Every parent knows that no two children are alike. The psychological, emotional and physical requirements of each individual child vary widely and are dependent upon their unique constitution or nature, called “prakruti” in Ayurvedic medicine.

The health and creativity of a child hinges on the amount of good emotional, physiological and psychological nourishment received from his or her parents. If you understand your child’s prakruti mind-body type (basic make-up and dominant body type: Vata, Pitta or Kapha), you will know how to help even further.

Ayurveda emphasizes knowing yourself and your environment well and choosing your diet and lifestyle in accordance to the law of nature that governs you and your surroundings. There’s no better time than childhood to begin teaching the importance of self-knowledge and the nature of true health! 

The Main Idea of Ayurveda is Balance

A well-balanced diet, adequate sleep and a lifestyle that includes hygiene, indoor-outdoor exercise, learning and recreation are essential for growing kids.


All parents must examine the quality and quantity of fat, protein, sugar and carbohydrates that children ingest. In accordance with Ayurvedic medicine, the brain needs these four major nutrients for mental clarity and integrated functioning.

Recommended fats include ghee (clarified butter), olive oil, coconut oil, sesame seed oil and other seed oils. Recommended sugars include organic raw sugar, Sucanat, honey and maple syrup. Even if it’s of good quality, it’s important not to let a child eat too much fat or sugar. Just as an example, the average Canadian consumes 125 pounds of sugar per year, when just a hundred years ago the average was two pounds. Recommended proteins for daily diet are lentils, beans, legumes and a small amount of dairy.

Sleep and Indoor-Outdoor Activities

Sufficient sleep, good quality air and ions from nature are essential for brain function and learning. Outdoor activities as simple as walking, bicycling or snow playing provide oxygen and ions for proper cellular activity. Indoor exercises such as yoga, meditation, Pilates and breath work can be good family activities that help kids with emotional release and confidence-building.


Hygiene goes hand-in-hand with health. Internal and external hygiene are both essential for maintaining proper metabolic activities. As parents, we always guide our kids towards healthy external hygiene habits such as washing hands before eating, using a clean plate and utensils, sitting upright and so on.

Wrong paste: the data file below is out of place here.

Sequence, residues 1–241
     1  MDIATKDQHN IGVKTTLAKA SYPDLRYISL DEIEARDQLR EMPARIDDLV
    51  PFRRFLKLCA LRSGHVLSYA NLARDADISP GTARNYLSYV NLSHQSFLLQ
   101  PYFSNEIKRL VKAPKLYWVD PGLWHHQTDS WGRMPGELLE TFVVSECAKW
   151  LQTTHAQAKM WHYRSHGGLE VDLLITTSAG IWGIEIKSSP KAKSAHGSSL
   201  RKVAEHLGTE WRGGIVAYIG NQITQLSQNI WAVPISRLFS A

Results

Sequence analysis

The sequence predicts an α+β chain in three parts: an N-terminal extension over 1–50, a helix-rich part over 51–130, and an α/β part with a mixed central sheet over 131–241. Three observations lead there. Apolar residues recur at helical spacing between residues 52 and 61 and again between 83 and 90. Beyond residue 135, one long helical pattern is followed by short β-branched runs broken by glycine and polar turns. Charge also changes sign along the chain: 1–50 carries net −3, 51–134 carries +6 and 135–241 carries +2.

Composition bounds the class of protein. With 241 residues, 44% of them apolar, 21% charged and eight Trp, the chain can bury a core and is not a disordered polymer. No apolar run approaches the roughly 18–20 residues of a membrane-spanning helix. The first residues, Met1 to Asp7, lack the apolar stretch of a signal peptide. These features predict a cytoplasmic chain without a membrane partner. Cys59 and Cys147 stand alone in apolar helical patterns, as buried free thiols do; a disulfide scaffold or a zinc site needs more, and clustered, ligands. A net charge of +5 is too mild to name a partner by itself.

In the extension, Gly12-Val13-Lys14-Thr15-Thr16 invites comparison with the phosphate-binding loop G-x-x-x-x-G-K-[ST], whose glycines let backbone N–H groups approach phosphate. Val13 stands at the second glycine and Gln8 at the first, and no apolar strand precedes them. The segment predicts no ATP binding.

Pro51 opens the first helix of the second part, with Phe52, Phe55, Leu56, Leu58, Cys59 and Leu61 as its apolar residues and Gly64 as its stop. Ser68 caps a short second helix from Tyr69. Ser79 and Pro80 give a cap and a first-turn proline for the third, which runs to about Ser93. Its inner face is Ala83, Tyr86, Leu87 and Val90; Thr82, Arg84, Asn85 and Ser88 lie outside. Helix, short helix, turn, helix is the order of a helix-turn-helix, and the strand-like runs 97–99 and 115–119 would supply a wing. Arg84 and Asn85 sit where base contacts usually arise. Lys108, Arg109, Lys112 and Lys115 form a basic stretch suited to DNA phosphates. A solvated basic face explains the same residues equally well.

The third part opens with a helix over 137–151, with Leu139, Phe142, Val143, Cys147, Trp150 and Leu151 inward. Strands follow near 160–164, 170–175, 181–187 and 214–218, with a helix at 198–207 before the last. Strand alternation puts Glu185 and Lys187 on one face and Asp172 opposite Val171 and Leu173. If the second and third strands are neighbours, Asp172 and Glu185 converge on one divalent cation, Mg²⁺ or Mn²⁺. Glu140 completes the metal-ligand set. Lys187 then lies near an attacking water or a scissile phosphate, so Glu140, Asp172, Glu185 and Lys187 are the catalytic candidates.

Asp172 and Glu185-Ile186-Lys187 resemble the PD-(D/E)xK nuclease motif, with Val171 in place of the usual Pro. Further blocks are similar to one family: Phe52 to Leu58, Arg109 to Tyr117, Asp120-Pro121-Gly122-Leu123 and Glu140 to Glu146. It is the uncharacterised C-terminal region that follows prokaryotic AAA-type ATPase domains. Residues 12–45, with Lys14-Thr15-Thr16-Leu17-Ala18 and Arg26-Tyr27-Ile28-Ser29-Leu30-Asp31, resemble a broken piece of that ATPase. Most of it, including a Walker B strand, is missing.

Ayurvedic medicine emphasizes healthy habits that help reduce toxicity due to undigested food, supporting internal hygiene, such as:

  • Eating in a relaxed environment.
  • Chewing your food well.
  • Eating only ¾ of your stomach’s volume.
  • Playing or showering at least an hour after eating meals.
  • Giving at least a 2-hour gap between two meals.
  • Drinking minimum water with meals (so as not to dilute digestive juices).
  • Eating seasonal fruits and vegetables.
  • Keeping consistent daily meal times.

Ayurvedic Food Compatibility Promotes Learning and Intelligence

Food combinations are important for nutritional balance, digestion and optimal absorption. There are certain categories of foods that when combined do not support proper digestion and absorption and is one of the reasons for a tired mind-body. Some incompatible foods from an Ayurvedic medicine perspective must be avoided, such as:

  • Milk with meat
  • Fresh fruits with grains
  • Dairy with fish
  • Fresh fruits with meat or fish

For healthy, wholesome meals, Ayurvedic medicine recommends blending six flavors of nature in food preparations: sweet, salty, sour, bitter, hot and astringent. Each flavor has an essential role in restoring a healthy state of mind-body and spirit. However, it has to be consumed in moderation; excess or insufficiency is unhealthy.

  • Sweet: promotes growth of all healthy tissues and relaxes the nervous system
  • Sour: stimulates enzymatic flow from stomach to brain
  • Salty: works as a sedative
  • Hot: promotes secretions such as tears, sweat and saliva, kills parasites, improves development of body tissues
  • Bitter: antibacterial and cleansing, supports healthy immunity
  • Astringent: promotes closing of wounds and sores, aids in joint/bone repairs

Ayurveda for General Lifestyle

Ayurvedic medicine focuses on the happiness and playfulness of a child. With stress so much a part of modern life, even children reared in the best economic circumstances are left unhappy and isolated.

A weekly Ayurvedic massage and relaxing aromatherapy with essential oils like sandalwood, jasmine, rose and cedar can be beneficial for children. Make sure that they get plenty of affection and understanding. Teach your child daily stress-relief habits such as breathing exercises, stretching, singing, walks and family time. More importantly, if you manage your own time and stress levels well, you act as a powerful role-model for your children.


Prepared by;

Vaidya Ismat Dhala Nathani, Doctorate of Natural Medicine, Ayurvedic Practitioner

Note – Information in this article is provided for the sole purpose of imparting education on Ayurveda and is not intended to treat, cure or prevent any disease. If you have a medical condition, please consult a health professional.





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